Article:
Therapists' perceptions of difficult psychiatric patients

J Nerv Ment Dis. 1988 Aug;176(8):490-7. doi: 10.1097/00005053-198808000-00007.


Psychotherapists often describe patients who present management problems as "difficult patients." This article describes a 5-factor scale to measure how therapists perceive difficult psychiatric patients. Reliability and validity evidence is presented for scales labeled Demanding, Help Rejecting, Unreachable, Dangerous, and Poor Fit. Fifty-four psychiatric outpatients identified as difficult to treat by two or more therapists were compared with 54 control psychiatric outpatients matched on age, sex, marital status, and diagnosis. Therapists rated difficult patients higher on each scale. Patients rated higher on the Demanding, Help Rejecting, and Poor Fit scales were heavier and more varied users of the treatment system than were those rated lower on these scales. The scale helps identify causes of staff dissatisfaction and inappropriate organization of services and suggests how to meet the special needs of difficult patients. Problem patients can be seen as denying the competence and authority of the mental health professional but also as central to the unique mandate of psychiatry. The reward system should more adequately support those therapists who care for the patients often avoided by others.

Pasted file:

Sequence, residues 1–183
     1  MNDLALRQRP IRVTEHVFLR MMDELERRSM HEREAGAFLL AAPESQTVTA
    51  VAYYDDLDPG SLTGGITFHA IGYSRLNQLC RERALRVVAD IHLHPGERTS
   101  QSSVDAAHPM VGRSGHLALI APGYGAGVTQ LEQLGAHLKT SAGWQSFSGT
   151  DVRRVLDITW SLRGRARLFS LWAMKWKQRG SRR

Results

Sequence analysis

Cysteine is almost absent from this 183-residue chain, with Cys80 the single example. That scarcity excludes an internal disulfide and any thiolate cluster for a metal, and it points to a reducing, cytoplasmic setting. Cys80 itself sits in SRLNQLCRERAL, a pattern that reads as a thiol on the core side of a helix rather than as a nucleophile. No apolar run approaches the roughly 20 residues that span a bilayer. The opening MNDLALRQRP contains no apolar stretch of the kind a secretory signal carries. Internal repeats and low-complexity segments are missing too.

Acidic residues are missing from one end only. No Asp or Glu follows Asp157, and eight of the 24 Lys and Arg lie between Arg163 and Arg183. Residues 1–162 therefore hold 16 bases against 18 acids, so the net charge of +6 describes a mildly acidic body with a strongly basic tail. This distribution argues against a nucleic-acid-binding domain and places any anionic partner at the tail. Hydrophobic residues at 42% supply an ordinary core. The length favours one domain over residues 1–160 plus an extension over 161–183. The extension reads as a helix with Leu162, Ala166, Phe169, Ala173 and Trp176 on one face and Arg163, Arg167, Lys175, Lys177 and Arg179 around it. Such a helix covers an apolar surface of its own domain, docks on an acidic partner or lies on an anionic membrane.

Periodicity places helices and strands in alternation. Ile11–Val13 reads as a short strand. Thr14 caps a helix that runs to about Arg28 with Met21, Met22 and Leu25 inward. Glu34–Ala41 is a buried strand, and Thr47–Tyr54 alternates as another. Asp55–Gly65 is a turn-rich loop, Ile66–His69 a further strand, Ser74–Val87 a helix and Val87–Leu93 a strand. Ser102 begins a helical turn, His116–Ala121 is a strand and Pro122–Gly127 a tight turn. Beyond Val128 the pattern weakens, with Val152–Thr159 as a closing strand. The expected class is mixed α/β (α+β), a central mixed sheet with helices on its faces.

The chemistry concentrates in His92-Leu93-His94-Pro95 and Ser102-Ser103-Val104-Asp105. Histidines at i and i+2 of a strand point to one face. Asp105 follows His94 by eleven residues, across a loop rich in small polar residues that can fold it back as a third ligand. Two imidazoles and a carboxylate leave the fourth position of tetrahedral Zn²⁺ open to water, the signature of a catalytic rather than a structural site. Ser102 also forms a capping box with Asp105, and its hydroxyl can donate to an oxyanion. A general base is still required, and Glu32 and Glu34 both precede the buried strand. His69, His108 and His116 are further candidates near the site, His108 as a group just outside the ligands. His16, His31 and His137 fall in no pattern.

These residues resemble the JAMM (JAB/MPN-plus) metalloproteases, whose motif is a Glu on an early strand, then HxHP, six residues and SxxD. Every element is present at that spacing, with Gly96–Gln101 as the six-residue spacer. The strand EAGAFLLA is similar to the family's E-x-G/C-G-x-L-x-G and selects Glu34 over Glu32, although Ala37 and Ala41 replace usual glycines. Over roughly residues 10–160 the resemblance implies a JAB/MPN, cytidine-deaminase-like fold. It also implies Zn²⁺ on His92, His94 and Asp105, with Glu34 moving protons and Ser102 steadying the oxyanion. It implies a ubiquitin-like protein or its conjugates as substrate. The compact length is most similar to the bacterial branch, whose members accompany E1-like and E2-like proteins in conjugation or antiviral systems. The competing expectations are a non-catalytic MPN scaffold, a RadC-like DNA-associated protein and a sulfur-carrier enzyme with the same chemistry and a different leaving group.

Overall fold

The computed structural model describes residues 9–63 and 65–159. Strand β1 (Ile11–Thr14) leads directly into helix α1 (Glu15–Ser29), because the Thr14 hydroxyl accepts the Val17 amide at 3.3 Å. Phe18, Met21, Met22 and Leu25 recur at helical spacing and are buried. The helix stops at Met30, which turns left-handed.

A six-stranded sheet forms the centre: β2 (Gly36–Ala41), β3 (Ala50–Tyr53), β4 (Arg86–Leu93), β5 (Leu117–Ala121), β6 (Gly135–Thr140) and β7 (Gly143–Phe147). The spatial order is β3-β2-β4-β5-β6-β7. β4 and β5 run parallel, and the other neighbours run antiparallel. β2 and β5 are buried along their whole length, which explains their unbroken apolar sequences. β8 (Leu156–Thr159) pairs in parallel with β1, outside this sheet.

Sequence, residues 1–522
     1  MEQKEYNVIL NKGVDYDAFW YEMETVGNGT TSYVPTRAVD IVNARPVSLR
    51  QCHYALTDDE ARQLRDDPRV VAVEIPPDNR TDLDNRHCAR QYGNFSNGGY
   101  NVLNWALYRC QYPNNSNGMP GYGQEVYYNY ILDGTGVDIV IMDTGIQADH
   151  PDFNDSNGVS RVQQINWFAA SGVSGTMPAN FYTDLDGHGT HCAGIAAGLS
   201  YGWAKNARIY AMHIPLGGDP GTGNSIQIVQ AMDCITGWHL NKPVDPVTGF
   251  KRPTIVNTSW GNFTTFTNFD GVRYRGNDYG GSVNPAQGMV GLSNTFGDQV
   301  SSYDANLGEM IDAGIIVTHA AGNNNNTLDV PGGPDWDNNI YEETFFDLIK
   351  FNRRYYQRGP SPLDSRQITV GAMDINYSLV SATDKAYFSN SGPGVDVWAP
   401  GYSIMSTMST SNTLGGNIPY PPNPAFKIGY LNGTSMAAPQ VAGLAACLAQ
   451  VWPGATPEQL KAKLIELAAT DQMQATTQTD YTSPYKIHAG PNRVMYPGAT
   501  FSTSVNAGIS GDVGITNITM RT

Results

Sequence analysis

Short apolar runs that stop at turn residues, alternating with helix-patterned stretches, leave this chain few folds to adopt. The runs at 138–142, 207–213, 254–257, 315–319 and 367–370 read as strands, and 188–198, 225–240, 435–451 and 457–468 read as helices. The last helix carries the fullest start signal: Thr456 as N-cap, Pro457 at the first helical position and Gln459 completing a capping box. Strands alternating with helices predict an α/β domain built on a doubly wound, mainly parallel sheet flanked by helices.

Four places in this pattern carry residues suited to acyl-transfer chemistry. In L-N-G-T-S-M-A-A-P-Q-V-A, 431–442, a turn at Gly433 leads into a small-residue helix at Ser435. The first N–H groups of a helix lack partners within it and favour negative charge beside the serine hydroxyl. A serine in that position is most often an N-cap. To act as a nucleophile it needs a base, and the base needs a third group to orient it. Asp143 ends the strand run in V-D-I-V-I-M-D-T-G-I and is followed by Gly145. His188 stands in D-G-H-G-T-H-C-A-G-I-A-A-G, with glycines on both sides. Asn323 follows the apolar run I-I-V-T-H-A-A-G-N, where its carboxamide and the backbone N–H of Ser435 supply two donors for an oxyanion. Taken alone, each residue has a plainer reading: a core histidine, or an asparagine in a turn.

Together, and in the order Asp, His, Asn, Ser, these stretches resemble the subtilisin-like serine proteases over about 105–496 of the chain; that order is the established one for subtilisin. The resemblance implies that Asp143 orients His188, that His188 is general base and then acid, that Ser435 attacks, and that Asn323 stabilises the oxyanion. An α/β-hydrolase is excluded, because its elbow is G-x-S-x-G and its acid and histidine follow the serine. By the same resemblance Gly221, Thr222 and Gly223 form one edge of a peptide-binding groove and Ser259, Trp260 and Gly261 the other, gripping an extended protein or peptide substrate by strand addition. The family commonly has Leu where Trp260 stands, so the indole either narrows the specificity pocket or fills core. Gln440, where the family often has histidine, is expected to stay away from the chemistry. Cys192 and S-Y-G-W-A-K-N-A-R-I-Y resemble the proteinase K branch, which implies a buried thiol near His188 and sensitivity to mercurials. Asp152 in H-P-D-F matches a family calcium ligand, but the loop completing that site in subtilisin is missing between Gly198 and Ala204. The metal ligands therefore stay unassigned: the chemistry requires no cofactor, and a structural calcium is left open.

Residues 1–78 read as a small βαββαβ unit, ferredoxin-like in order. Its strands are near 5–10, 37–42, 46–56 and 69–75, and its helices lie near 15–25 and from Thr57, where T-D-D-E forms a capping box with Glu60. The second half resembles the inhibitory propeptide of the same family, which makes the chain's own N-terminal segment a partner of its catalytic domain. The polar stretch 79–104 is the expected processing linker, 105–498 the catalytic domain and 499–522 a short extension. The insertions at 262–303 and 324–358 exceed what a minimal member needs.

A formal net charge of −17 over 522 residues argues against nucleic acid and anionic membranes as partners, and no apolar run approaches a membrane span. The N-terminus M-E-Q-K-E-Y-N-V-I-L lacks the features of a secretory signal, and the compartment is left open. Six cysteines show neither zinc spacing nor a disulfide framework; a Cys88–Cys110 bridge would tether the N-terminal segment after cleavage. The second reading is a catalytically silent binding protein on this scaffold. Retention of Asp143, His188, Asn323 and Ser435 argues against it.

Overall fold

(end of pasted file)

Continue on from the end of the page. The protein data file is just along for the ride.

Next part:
Publication types

  • Research Support, Non-U.S. Gov't

MeSH terms

  • Ambulatory Care
  • Attitude of Health Personnel*
  • Attitude to Health
  • Humans
  • Mental Disorders / psychology
  • Mental Disorders / therapy*
  • Physician-Patient Relations
  • Psychotherapy*